Dynamic digitalisation: The laboratory of the future at IDS 2019
COLOGNE, Germany: Digitalisation offers great possibilities for the dental laboratory: a wide selection of materials, high manufacturing flexibility and new methods for producing complete prostheses.
There are stable long-term trends and fast-paced ones when it comes to digital dental technologies, and dental technicians who combine these two profit the most. A visit to IDS 2019 will definitely help to gain a comprehensive overview and make unerring decisions with an eye to the future. A number of innovations in the area of digital technologies have made the processing of specific materials possible or economically attractive. Today, it is possible to manufacture crown and bridge frameworks that are made from zirconia, lithium disilicate, hybrid ceramics, high performance plastics, and alloys that either contain gold or are free of precious metals.
In terms of manufacturing choices, dental laboratories have become very flexible: they can decide whether to produce in-house or outsource tasks to laboratory partners or external industrial services. Today, even custom abutments can be manufactured in-house or ordered from an external manufacturer or supplier. Regarding fixed dentures, CAD/CAM systems have become well established in the past several years, and new possibilities in CAM of removable dentures are constantly being created. For instance, complete, duplicate and immediate prostheses can be manufactured in the dental laboratory by means of computer-supported procedures, allowing the dentist to continue performing the work tasks with which he or she is most familiar.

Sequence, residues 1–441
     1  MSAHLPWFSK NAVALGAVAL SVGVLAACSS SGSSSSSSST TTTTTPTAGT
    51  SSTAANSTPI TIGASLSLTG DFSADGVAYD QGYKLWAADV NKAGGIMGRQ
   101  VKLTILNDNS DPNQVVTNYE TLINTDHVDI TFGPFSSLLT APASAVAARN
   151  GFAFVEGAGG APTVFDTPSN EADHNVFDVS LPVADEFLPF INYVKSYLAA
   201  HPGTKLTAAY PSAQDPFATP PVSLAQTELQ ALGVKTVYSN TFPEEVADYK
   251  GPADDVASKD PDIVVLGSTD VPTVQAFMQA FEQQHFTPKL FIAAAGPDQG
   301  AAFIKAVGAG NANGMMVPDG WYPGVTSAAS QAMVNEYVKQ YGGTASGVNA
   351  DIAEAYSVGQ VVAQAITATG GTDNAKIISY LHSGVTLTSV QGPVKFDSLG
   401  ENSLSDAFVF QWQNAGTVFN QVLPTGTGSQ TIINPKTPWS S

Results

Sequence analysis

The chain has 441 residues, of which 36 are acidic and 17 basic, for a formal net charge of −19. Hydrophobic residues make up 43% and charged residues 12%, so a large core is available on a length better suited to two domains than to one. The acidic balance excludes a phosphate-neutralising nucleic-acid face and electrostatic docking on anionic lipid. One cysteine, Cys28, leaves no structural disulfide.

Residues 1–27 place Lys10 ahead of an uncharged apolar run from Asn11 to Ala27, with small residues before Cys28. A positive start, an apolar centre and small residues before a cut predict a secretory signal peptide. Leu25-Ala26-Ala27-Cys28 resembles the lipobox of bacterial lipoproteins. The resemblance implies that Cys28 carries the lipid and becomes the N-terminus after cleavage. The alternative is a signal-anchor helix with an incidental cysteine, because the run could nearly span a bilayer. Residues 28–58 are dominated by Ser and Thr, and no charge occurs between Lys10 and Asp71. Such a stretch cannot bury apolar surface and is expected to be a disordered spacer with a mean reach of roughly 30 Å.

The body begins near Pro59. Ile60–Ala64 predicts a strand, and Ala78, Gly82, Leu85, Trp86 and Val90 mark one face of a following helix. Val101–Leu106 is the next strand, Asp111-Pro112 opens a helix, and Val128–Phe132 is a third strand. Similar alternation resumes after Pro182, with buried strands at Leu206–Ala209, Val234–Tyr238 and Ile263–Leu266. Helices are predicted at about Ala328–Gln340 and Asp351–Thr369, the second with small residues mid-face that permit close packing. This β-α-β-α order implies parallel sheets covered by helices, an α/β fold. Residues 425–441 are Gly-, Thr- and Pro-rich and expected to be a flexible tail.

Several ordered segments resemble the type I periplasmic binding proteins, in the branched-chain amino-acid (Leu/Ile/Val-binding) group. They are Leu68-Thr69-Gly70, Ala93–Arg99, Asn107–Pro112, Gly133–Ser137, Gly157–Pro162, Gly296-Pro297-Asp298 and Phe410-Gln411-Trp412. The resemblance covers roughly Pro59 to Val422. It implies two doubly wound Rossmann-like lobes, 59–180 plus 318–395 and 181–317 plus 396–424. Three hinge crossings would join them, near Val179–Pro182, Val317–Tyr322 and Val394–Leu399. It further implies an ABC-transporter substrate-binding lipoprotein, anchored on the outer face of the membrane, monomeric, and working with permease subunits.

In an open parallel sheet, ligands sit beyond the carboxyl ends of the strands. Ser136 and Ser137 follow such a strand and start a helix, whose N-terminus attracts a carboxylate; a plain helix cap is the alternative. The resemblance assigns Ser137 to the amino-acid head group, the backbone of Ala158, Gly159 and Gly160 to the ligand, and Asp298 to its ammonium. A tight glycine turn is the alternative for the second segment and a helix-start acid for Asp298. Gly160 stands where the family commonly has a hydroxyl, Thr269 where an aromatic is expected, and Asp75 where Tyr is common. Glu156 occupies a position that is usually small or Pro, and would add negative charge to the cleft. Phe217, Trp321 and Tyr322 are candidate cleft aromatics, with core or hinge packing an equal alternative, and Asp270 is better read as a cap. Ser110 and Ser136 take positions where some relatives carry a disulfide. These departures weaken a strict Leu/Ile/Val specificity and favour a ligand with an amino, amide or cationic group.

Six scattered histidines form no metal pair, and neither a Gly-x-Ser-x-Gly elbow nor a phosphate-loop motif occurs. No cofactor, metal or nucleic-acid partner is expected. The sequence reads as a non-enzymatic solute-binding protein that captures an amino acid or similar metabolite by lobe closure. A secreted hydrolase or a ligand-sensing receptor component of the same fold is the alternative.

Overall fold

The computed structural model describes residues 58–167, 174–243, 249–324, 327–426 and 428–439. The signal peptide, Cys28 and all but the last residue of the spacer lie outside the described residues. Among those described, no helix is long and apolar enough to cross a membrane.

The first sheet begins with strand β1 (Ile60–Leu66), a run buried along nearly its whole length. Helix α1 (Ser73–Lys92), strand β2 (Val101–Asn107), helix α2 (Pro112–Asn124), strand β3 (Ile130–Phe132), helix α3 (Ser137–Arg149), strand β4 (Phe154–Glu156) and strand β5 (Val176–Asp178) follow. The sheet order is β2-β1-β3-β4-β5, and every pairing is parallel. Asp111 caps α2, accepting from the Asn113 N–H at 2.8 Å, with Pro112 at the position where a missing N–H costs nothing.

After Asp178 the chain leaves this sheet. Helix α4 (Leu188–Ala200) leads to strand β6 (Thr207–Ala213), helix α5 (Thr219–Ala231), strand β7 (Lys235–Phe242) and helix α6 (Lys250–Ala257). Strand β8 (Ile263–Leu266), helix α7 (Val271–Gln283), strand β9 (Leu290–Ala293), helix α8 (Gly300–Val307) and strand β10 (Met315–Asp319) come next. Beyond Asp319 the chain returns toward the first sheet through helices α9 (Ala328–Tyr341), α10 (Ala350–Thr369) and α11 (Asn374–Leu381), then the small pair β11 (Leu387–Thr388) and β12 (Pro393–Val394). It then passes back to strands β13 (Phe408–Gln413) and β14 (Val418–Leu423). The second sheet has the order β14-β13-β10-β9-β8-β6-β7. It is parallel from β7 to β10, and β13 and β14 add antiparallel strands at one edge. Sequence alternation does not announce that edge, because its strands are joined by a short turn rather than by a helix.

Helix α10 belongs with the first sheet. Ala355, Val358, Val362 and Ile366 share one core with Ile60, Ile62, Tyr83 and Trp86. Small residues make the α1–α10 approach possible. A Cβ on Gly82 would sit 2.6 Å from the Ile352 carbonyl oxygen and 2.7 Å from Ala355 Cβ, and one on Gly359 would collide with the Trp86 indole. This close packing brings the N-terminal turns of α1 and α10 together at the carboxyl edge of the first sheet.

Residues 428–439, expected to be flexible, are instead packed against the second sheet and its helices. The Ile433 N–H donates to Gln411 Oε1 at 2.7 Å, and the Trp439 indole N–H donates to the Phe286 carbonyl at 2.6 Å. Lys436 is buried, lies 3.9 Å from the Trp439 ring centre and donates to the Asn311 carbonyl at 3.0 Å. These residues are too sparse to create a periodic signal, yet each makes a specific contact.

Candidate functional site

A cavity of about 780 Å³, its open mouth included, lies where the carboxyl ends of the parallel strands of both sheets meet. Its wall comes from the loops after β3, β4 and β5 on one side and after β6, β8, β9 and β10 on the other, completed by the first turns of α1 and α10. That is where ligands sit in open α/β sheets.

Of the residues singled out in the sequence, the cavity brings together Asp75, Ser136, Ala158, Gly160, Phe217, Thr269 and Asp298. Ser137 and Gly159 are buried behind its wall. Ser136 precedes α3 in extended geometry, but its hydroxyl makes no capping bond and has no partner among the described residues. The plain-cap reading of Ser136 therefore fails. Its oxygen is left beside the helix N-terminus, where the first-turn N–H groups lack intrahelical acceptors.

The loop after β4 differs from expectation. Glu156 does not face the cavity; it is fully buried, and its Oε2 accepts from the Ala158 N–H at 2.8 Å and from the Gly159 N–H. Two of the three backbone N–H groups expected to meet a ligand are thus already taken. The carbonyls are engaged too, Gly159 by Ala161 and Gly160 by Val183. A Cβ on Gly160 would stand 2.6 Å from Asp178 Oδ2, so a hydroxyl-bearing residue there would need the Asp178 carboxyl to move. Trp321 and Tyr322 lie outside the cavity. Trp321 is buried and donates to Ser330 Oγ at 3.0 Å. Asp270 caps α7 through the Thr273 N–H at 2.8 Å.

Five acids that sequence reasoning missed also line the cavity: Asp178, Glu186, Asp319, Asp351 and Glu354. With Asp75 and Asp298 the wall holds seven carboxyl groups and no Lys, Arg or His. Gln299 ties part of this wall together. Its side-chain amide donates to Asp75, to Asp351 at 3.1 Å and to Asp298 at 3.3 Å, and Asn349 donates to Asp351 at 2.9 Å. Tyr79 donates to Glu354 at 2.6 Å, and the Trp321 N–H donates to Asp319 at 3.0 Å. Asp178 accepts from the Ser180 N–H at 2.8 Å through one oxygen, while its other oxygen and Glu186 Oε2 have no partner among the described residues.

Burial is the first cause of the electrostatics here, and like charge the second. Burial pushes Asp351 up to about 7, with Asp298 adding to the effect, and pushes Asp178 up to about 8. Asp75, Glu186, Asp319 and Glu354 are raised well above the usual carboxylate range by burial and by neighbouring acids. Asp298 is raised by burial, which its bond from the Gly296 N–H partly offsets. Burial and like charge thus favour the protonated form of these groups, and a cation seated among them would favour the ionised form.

Just like prosthetics, orthodontics is considered to be a relative newcomer to the digital playground, compared with other dental fields. These days, dental laboratories contribute to dental treatments by providing virtual set-ups. In doing so, bracket positions can be set, for instance. Subsequently, the dental technician fabricates the respective appliance and creates the transfer tray by means of a 3-D printer. This procedure brings a wide variety of creative possibilities to the dental laboratory: occlusal splints, surgical guides, custom trays, orthodontic appliances or provisional crowns and bridges—virtually everything can be manufactured using 3-D printing technologies. If in accordance with the guidelines for Class IIa medical devices, the respective appliance can be used for printed short- and long-term provisionals. Furthermore, printed alloys, such as cobalt–chromium, give access to new applications such as digital model casting prostheses.